By Nicole Puhl in New York—
As the winter chill finds its way into New York there are few outdoor activities worth braving the frosty elements, and ice-skating is one of them. NYC is home to multiple skating rinks for appropriately ringing in the holiday season with an icy spin (or fall!) around the rink and a hot chocolate or two.
The holidays are arguably when New York is at its finest, and there are many options to enjoy the glittering lights of the city and simultaneously strut your skating skills. Be mindful that many rinks may be closed certain nights for special events and parties, so be sure to check their websites before venturing out.
Here are four places where you can easily get your skate on:
5th Ave. between 49th and 50th Streets
Hours: Daily, hours vary
Open: October 9, 2010 – Early April 2011
Admission: $14 (Weekend) or $10 (Weekday)
Skate Rental: $8
Given the endless movie and TV scenes set in this famous ice rink, it’s no surprise that it is the ice skating destination for holiday visitors and New Yorkers alike. Though it’s the smallest rink in the city, its popularity means that skaters might wait over an hour to take their spin around the ice with up to 150 others at a time.
The musical playlist here consists mainly of Christmas tunes, appropriately paired with the Rockefeller Christmas tree that towers over the rink before the holidays. It is hard to build up much skating speed though, given the small rink and crowds, but be prepared to suddenly stop for an on-ice marriage proposal! Once the skating wears you out, there are a couple somewhat overpriced eating options on site: Rock Center Cafe, The Sea Grill and Cucina & Co.
The Pond at Bryant Park
5th Ave. between 40th and 42nd Streets
Hours: Sun. – Thurs: 8 a.m. – 10 p.m.; Friday & Saturday: 8 a.m. – Midnight
Open: October 29, 2010 – February 27, 2011
Skate Rental: $13
Thanks to Citi, this is the only free skating rink in Manhattan, assuming you bring your own skates and lock, of course! This fact, combined with its easily accessible Midtown location makes it a popular winter destination. Bryant Park draws a hefty crowd around the holidays, which can be bypassed with the purchase of an Express Pass (for a rather hefty $20).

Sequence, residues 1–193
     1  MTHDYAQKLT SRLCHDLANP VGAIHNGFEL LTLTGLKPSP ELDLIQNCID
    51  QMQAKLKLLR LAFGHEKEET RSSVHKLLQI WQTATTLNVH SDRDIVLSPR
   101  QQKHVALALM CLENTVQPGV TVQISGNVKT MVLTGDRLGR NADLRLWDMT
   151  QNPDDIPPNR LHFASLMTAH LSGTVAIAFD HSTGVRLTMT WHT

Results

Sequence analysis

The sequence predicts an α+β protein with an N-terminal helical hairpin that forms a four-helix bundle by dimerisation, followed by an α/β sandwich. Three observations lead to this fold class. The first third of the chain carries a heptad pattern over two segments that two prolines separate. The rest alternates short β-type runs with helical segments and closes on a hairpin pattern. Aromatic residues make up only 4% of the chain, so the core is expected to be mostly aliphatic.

The rink itself isn’t the best–it turns watery when the temperature is warm and it is covered with rivets and holes because the Zamboni can’t keep up with the dense crowds. There are several venues to grab a hot chocolate or snack while exploring the crafting and culinary pop-up shops throughout Bryant Park.
Wollman Rink at Central Park
Central Park South. Enter at 59th St. and 6th Ave.
Hours: Daily, 10 a.m. – Closing Times Vary By Day
Open: November 2010 – March 2011
Admission: $14.75 (Weekend) or $10.25 (Weekday)
Skate Rental: $6.25
Nestled in the midst of Manhattan’s iconic Central Park, Wollman Rink offers a more natural setting with amazing views of the park’s trees and the city skyline peeking through. This type of ambiance comes at a bit of a price, though, as admission is $14.75 on weekends, plus $6.25 for skate rentals and $4 for lock rentals. Should you want to bypass the skating altogether, you will have to pay a $5 spectator fee just to watch your friends and loved ones fall around the ice.
If the price isn’t a deterrent and you’re comfortable jumping over a kid or two on the ice, then grab some warm cider or hot chocolate from the concession and game up for a little league hockey-esque skating experience. The rink is much less crowded during the week and stays open until 10 p.m. on Wednesdays and Thursdays.
Sky Rink at Chelsea Piers
Pier 61, 23rd St. and the Hudson River
Hours: Daily, hours vary
Skate Rental: $7.50
If inclement weather prohibits you from fulfilling your winter ice skating dreams then you can seek shelter at the indoor Sky Rink of Chelsea Piers. This rink lacks a winter breeze, but it is home to many of the city’s hockey players and figure skaters. What this place lacks in outdoor charm and Christmas carols can be somewhat regained with the stunning views of the Hudson River and George Washington Bridge.
The hours here are a bit erratic because general skating time is embedded in hockey and lesson schedules, but a quick call or look at their holiday schedule can prevent any scheduling conflicts. Sky Rink isn’t necessarily a cheaper option, but is definitely a better place for those looking to seriously sharpen their skating skills or reign in a group of rowdy kids.